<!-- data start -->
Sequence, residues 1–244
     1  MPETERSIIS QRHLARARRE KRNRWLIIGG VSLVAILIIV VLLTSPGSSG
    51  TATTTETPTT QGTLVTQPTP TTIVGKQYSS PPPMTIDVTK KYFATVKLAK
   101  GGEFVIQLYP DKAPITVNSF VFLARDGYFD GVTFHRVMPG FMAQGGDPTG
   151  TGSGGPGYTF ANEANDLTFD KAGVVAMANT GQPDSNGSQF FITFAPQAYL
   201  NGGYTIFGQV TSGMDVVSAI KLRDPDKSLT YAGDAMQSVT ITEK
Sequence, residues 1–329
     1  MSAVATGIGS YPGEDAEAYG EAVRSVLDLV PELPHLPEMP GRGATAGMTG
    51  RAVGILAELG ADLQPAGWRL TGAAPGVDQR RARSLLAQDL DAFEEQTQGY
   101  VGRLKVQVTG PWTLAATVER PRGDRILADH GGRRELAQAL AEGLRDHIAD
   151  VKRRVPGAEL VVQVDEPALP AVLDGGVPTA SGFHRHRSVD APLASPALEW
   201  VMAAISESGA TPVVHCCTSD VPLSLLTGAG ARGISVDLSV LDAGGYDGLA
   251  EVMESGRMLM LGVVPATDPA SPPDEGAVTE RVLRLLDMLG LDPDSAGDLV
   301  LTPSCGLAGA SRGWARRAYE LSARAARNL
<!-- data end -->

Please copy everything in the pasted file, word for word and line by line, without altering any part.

Sequence, residues 1–244
     1  MPETERSIIS QRHLARARRE KRNRWLIIGG VSLVAILIIV VLLTSPGSSG
    51  TATTTETPTT QGTLVTQPTP TTIVGKQYSS PPPMTIDVTK KYFATVKLAK
   101  GGEFVIQLYP DKAPITVNSF VFLARDGYFD GVTFHRVMPG FMAQGGDPTG
   151  TGSGGPGYTF ANEANDLTFD KAGVVAMANT GQPDSNGSQF FITFAPQAYL
   201  NGGYTIFGQV TSGMDVVSAI KLRDPDKSLT YAGDAMQSVT ITEK
Sequence, residues 1–329
     1  MSAVATGIGS YPGEDAEAYG EAVRSVLDLV PELPHLPEMP GRGATAGMTG
    51  RAVGILAELG ADLQPAGWRL TGAAPGVDQR RARSLLAQDL DAFEEQTQGY
   101  VGRLKVQVTG PWTLAATVER PRGDRILADH GGRRELAQAL AEGLRDHIAD
   151  VKRRVPGAEL VVQVDEPALP AVLDGGVPTA SGFHRHRSVD APLASPALEW
   201  VMAAISESGA TPVVHCCTSD VPLSLLTGAG ARGISVDLSV LDAGGYDGLA
   251  EVMESGRMLM LGVVPATDPA SPPDEGAVTE RVLRLLDMLG LDPDSAGDLV
   301  LTPSCGLAGA SRGWARRAYE LSARAARNL